This Is Getting Boring

Rhys Williams writes about the current Panthers crisis…

I like to compare Nottingham Panthers current situation to Manchester United in football. Winning the league in 2013 has been followed by a devastating decline with domestic cups (and in Panthers case, also a European one) here and there for both clubs who are by far the laughing stocks of their leagues with fans questioning those in charge. For Nottingham, that lack of faith has been evident with crowd sizes dropping, most noticeably against Sheffield, a fixture which has been sold out weeks in advance during previous seasons. An away bus trip to EIHL powerhouse, Cardiff has had to be cancelled due to lack of interest, and you only have to read twitter after yet another loss to realise fans are angry, disgruntled and bored out of their minds at what is happening.

It’s no secret the club has an ethos problem and a lack of drive to win the holy grail. Obviously the coaching staff and players have to take a chunk of the blame but as Corey Neilson, Rich Chernomaz and now Tim Wallace have struggled for results, the common denominator is the ownership. Whilst I have defended our young and hungry approach, I can’t help but feel it’s down to a lack of investment with minimal experience from the more prestigious leagues in comparison to other teams and that’s consistent with the fact Doucet and Wallace have only six months experience in off-ice roles combined. I won’t sit here and pretend to know the ins and outs of our budget, but Neil Black being the chairman of Glasgow Clan means there is that conflict of interest element that is hard to ignore.

Fixture arrangement puts us at a disadvantage too, with only two home league games so far this season and long road stretches which doesn’t appear to be the case for the rest of the league. Whilst players have stated it does help team moral, the absence of home ice advantage doesn’t help our campaign, where your early season form can make or break the overall outcome.

The next issue is the clubs lack of urgency. After an excellent solo goal on the opening night of the season, Swedish forward Jens Jakobs became a weak link in the side with a poor offensive zone presence and was therefore released from his contract following a fifth consecutive loss. Good move, right? Not necessarily. No replacement was bought in meaning the Panthers played the previous weekend two imports short with Alexis Loiseau also departing after his sudden retirement. In comparison, Sheffield Steelers replaced the underperforming Martin St. Pierre instantly and have since added two standout defencemen to address their injury problems at the back. The Steelers have learnt from their mistakes that lead them to a 7th place finish last season, yet the Panthers continue to go backwards. In 2017/18, we were out of the title race by Christmas, then in 2018/19 it was November. Could we soon be saying that for October?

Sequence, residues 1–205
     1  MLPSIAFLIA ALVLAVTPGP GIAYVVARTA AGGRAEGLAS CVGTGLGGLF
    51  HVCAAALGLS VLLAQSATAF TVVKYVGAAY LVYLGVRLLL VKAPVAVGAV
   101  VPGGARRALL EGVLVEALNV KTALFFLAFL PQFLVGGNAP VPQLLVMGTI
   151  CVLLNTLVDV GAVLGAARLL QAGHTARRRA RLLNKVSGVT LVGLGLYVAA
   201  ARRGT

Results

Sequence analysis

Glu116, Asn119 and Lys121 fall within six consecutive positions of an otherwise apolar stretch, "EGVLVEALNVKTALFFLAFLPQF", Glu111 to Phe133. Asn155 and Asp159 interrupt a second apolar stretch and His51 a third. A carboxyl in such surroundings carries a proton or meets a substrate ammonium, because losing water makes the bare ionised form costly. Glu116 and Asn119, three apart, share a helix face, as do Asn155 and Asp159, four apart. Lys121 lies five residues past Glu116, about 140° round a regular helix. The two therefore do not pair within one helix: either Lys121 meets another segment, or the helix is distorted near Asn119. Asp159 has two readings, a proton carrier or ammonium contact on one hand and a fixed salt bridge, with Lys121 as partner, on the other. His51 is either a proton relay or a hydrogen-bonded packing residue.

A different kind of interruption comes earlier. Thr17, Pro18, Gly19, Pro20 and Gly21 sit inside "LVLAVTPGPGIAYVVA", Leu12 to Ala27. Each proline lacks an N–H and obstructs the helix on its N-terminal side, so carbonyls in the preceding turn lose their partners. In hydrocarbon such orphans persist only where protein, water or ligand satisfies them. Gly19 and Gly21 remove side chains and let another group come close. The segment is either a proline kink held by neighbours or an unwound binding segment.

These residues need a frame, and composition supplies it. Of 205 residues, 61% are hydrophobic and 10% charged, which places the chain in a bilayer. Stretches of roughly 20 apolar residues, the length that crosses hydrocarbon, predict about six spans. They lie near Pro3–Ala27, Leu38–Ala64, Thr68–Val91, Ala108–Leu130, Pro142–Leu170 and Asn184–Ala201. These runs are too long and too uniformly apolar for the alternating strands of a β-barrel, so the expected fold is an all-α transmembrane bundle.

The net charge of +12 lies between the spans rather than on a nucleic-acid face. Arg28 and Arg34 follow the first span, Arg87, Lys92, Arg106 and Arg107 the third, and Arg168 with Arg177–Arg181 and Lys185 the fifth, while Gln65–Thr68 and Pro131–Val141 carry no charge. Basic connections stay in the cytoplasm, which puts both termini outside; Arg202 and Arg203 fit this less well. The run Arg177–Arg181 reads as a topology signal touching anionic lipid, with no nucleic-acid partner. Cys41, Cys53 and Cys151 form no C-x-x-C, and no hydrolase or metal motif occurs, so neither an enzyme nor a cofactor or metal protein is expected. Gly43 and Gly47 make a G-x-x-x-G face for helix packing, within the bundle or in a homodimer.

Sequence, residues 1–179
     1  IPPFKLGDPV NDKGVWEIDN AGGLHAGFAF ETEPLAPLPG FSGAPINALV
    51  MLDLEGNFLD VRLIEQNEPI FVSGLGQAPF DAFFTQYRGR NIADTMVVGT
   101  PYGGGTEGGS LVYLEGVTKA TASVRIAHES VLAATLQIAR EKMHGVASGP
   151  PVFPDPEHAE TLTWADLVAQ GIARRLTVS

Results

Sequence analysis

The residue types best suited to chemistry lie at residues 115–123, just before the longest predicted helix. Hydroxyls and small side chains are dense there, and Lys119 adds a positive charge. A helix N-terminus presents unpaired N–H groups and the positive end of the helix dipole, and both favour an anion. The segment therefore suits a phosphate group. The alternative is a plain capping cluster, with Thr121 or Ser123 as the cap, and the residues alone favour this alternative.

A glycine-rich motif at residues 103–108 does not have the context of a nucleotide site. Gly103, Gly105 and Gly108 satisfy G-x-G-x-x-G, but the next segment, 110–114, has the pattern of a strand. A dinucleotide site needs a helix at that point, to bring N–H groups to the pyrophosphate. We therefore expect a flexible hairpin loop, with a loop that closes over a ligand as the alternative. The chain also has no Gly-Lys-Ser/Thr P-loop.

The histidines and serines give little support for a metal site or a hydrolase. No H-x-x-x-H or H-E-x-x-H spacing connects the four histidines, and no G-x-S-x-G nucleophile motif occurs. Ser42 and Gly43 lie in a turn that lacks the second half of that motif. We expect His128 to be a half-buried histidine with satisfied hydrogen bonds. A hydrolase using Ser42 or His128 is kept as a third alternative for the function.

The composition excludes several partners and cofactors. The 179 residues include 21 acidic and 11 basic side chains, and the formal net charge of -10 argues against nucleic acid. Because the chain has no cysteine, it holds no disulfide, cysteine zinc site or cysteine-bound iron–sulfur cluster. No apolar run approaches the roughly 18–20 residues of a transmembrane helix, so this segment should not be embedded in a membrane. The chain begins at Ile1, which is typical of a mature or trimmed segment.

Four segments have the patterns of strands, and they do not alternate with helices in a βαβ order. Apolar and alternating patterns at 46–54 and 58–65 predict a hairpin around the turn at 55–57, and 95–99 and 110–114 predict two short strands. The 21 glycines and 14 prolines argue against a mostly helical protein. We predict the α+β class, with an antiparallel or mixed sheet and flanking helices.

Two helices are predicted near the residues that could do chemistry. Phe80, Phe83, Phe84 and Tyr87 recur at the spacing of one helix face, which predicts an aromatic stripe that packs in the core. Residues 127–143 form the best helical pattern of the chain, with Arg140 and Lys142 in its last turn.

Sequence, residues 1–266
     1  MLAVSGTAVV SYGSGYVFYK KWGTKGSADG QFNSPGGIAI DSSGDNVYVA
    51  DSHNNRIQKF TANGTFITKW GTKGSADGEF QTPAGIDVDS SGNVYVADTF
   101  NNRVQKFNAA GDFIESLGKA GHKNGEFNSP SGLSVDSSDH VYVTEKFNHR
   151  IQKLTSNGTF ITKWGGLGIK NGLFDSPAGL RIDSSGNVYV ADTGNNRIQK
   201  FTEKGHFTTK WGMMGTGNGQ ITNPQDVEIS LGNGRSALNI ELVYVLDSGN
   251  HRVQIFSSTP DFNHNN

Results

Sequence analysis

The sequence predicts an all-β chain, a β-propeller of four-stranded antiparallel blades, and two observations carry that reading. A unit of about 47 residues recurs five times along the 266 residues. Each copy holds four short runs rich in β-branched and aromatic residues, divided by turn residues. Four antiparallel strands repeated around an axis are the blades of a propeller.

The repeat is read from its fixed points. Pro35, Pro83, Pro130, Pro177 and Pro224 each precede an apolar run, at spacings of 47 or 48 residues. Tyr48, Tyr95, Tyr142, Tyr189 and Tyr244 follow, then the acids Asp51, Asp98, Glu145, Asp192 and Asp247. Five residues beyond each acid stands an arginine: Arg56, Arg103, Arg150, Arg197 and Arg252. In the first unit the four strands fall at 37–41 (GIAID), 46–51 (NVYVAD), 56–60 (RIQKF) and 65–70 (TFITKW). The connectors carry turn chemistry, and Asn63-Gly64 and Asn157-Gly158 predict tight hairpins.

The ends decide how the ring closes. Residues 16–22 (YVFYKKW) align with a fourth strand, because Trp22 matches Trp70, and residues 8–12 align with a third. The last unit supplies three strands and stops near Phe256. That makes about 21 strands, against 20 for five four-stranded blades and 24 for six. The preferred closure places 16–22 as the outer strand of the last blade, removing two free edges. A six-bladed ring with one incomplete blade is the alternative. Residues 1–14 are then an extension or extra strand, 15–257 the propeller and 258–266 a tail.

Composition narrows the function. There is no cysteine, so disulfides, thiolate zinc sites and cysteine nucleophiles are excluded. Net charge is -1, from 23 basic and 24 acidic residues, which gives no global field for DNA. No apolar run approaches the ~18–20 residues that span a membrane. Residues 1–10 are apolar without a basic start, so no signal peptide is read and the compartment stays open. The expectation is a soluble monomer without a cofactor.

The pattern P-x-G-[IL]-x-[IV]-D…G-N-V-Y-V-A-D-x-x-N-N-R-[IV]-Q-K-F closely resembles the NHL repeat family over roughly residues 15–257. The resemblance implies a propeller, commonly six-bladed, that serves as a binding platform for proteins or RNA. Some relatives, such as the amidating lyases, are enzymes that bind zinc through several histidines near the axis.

Whoever we sign to fill our forward vacancies will be a big factor in determining how serious the club is about being a title contender, which is the furthest we’ve been away from it since I’ve been a supporter. When you look at the fact so called ‘lower’ teams such as Dundee and Manchester are giving teams like Belfast, Sheffield and Cardiff a run for their money, would it even be too dramatic to suggest merely getting a playoff spot could be a challenge in itself? The fact I even pose that question shows the embarrassment we have become.

Looking at the on ice product itself, the one positive I will take is the teams work ethic with our transition from offence to defence being quick and urgent. But once we’re in the offensive zone, there seems to be a series of unimaginative passes as if its a game of hot potato that doesn’t result in any kind of genuine scoring chance. It doesn’t help that three of our standout attacking additions in Bulmer, Golovkovs and Quist have combined for a grand total of one (yes, one) of the teams thirty one goals scored this season. Sam Herr became the first import forward to find the net since Jon Rheault back on the 21st of September which continues to make it evident our attack is, to be frank, woeful.

Game management isn’t up to standard either. In both of our trips to Sheffield this season we have blown third period leads, and conceded late on in our home series against the Clan. Perhaps the most extreme example is being 2-1 ahead with ten minutes to go in Guildford on Saturday before conceding five in yet another humiliation. Add that to the fact Kevin Carr has had to face near 50 shots on two occasions this season and it makes for bleak viewing and I don’t see many differences between this Panthers team and your average mid to lower table team.

As a sports fan, ups and downs are all part of the experience, but when your club seems to be on a downward spiral that seems to be getting faster, it really does start to take the fun away from it and has many fans (myself included) questioning their overall loyalty to the Panthers. When you look back to 2013 when Panthers often ripped teams apart for fun and cleaned up all three major trophies, it makes me sad to see how we failed to build on that. Yes, we’ve won trophies since. Yes, we’ve raised the leagues European prestige, but are we really an Elite League giant? I don’t think so anymore. It may be early days this season, but the Panthers need to get their act together, and fast. Somehow though, I don’t see it happening but with our resources such as budget and contacts our staff and players will have, why isn’t that being utilised? It almost makes me feel gullible for opting to continue being a season ticket holder. Surely the fact this is the overarching attitude in the fanbase this early in the season emphasises the mess we really are in.

You can follow Rhys on Twitter @RhysWilliams79

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